Cre­ativ­ity in ac­tion

The Star Malaysia - Star2 - - EDUCATION & FURTHER STUDIES FAIR -

WE live in a time of great me­dia con­ver­gence. Ev­ery day, we cel­e­brate the rise of a new idea or an in­no­va­tion. Dig­i­tal knowl­edge is no longer an op­tion but a must if we want to stay ahead of the in­dus­try.

“The younger gen­er­a­tion to­day is full of ideas, they would do what­ever it takes to sur­prise and in­spire their au­di­ence ( or fol­low­ers). How­ever, it takes cre­ativ­ity to go fur­ther than where they are,” says IACT Col­lege cre­ative and mar­ket­ing di­rec­tor and se­nior lec­turer Penny Low.

“Cre­ativ­ity is the big­gest com­mod­ity. It ex­pands hori­zons and helps you soar be­yond lim­i­ta­tions. Op­por­tu­ni­ties are end­less for peo­ple with cre­ativ­ity.”

What does it take to get a head start in the cre­ative in­dus­try? Here is an in­ter­view with a few of IACT’s alumni who started off their jour­ney in cre­ative ca­reers as early as their col­lege days. All of them are ris­ing stars in their re­spec­tive fields.

They are Grim­film YouTube Chan­nel founder and di­rec­tor Jared Lee ( J), who also co- founded and co- owns Morn­ing­wood Café; win­ner of Bella Cor­re­spon­dence 2013 and the lead singer of “An Hon­est Mis­take”, who is also into host­ing, danc­ing and act­ing Ash­ley Chan ( A); artiste and TV host for Astro XiaoTaiYang Chan­nel Melissa Ong ( M); and the founder and con­tent cre­ator of Bry­zoid. com Bryan Alexan­der Lim ( B). His clients in­clude Nike, Astro, Tiger­beer and Me­dia Prima.

What is the cre­ative in­dus­try in Malaysia like?

J: The cre­ative in­dus­try in Malaysia has a lot of po­ten­tial and that means plenty of job op­por­tu­ni­ties.

A: I def­i­nitely feel a lot more new jobs are open­ing up and as Mass Com­mu­ni­ca­tion is such a wide field, there are lots of ca­reer op­tions to choose from.

M: Yes, it’s true, and it’s a mat­ter of grab­bing the op­por­tu­nity. Take for ex­am­ple, James Wan for The Con­jur­ing or the CG for Life of PI, which was done by lo­cal artistes in KL, all we have to do is learn to ap­pre­ci­ate all the op­por­tu­ni­ties given to us.

B: I agree with ev­ery­one. There are more op­por­tu­ni­ties th­ese days as the lo­cal start- up or­gan­i­sa­tions are tak­ing the ini­tia­tive to be bolder and more au­da­cious in en­gag­ing with the com­mu­nity with fresh ideas. At the same time, on the education end, more and more peo­ple are trained in the field and they have learnt to be more open and ac­cept­ing when it comes to new ideas.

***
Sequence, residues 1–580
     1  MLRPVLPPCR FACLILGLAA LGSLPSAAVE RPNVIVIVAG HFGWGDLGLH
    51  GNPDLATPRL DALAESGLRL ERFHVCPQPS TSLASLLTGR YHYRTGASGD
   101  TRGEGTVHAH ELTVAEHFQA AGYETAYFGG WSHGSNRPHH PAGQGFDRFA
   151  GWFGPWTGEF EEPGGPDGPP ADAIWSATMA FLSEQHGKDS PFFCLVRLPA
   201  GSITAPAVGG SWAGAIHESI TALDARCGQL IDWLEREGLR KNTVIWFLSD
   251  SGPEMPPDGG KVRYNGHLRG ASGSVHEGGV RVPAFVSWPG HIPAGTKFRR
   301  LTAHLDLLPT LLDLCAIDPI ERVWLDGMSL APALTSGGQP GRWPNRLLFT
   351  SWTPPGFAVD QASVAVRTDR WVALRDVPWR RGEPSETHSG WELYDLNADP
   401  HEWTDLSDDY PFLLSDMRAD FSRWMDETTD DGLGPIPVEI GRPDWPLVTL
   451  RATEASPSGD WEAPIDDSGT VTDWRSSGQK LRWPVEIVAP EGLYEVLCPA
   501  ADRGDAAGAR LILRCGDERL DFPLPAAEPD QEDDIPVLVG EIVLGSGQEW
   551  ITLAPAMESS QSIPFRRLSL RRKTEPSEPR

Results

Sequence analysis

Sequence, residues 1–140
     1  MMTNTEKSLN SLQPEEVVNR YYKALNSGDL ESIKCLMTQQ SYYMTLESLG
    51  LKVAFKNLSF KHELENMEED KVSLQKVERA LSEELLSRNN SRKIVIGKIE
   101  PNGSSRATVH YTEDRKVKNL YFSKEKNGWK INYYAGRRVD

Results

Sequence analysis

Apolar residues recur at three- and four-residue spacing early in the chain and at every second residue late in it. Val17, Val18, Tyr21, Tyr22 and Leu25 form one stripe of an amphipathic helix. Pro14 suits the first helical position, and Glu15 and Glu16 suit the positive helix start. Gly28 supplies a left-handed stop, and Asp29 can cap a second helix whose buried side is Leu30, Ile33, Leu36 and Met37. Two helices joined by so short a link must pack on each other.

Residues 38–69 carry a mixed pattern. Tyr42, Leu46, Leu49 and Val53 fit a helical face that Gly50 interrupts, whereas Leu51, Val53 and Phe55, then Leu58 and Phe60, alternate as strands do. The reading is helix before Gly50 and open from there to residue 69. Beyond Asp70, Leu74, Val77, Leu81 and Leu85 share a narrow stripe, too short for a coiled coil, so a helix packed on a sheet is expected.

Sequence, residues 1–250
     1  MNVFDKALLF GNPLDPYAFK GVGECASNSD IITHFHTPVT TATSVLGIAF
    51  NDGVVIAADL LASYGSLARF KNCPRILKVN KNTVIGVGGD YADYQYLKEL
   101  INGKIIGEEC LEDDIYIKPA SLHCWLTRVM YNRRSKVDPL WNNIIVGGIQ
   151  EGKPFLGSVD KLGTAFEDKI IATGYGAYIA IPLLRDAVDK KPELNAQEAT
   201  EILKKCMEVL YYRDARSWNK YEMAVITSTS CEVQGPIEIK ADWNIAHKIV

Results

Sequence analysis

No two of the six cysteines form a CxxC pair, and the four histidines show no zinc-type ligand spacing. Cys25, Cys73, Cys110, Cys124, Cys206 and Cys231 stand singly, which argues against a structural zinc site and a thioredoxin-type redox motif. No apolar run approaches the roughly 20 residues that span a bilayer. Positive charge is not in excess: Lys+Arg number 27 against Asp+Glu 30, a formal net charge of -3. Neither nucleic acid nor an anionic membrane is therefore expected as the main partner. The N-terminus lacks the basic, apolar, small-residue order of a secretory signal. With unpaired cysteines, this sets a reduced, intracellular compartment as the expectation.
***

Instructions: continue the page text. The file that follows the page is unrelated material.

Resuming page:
What is your hope for the cre­ative in­dus­try in Malaysia or, at least, the field you are in?

J: One of my big­gest wishes is to change the Malaysian mind­set to­wards our “Bu­atan Malaysia” prod­ucts. Whether it’s film, mu­sic, art or even clothes, we need our peo­ple to sup­port our lo­cal tal­ent so that the in­dus­try can grow. That is the only way to get the world’s at­ten­tion.

M: Malaysians need to sup­port and nur­ture the cre­ative in­dus­try in Malaysia. We are good and we can be even bet­ter and per­haps even com­pete in­ter­na­tion­ally, but we have to start by be­liev­ing in our strengths and pos­si­bil­i­ties in this field.

A: On top of that, I hope the in­dus­try is given the space and free­dom it needs, not be­ing sti­fled or con­trolled too much. It will def­i­nitely grow if we are given more free­dom

B: It is also cru­cial that other in­dus­tries cre­ate a col­lab­o­ra­tive in­fra­struc­ture to work hand- in- hand with the cre­ative in­dus­try in a wider per­spec­tive. Cre­ative in­dus­try is one of the best plat­forms that busi­nesses can lev­er­age on for growth.

Be­ing an alumni of IACT Col­lege, the only cre­ative com­mu­ni­ca­tion spe­cial­ist col­lege in the coun­try, how has the col­lege taught you about be­ing cre­ative and pre­pared you for the in­dus­try?

B: Education at IACT Col­lege is ver­sa­tile. It has a wide choice of sub­jects. For ex­am­ple, in Diploma of Mass Com­mu­ni­ca­tion, we had to learn how to use the dif­fer­ent medi­ums in the in­dus­try. Thus, we had sub­jects from de­sign­ing, writ­ing and idea con­cep­tu­al­i­sa­tion to even cor­po­rate man­age­ment. It has made me ver­sa­tile when en­gag­ing with cre­ativ­ity.

J: The joy I found be­ing at IACT was the free­dom to dis­cover what I love and be­ing en­cour­aged to go af­ter it. I found my love for film- mak­ing through a sim­ple video as­sign­ment. And most of the as­sign­ments at IACT give you room to do what you want, rather than ‘ fol­low what the lec­turer wants’.

M: Yes, it was so much fun study­ing in IACT Col­lege with many ‘ out- of- the- box’ el­e­ments. I re­mem­ber once dur­ing the sub­ject of Pre­sen­ta­tion Skills, we had to talk about our dreams and pas­sion in five min­utes ( with props and cos­tumes). Can you imag­ine the ex­cite­ment of see­ing my class­mates com­ing to class wear­ing py­ja­mas say­ing their dream was to sleep 24/ 7? It was as­sign­ments like th­ese at IACT that al­ways made me think a lot and un­earthed the in­ner cre­ativ­ity in me.

A: IACT has taught me to think out­side the box. The lec­tur­ers guided us to do things and cre­ate things that were new and en­gag­ing. Ev­ery­thing I did at IACT was very hands on and pre­pared me well for the in­dus­try.

IACT Col­lege de­clared the month of March as “Cel­e­brat­ing Cre­ativ­ity” month. The high­light of the month is “Cre­ative Car­ni­val”, which is hap­pen­ing on March 19 and 20, 10am to 5pm, at its cam­pus at VSQ Tower, Pe­tal­ing Jaya. For more in­for­ma­tion on the event, call 03- 7954 1909 or visit iact. edu. my.

Melissa and Bryan ( cen­tre) talk­ing about their ex­pe­ri­ence within the cre­ative com­mu­ni­ca­tion field.

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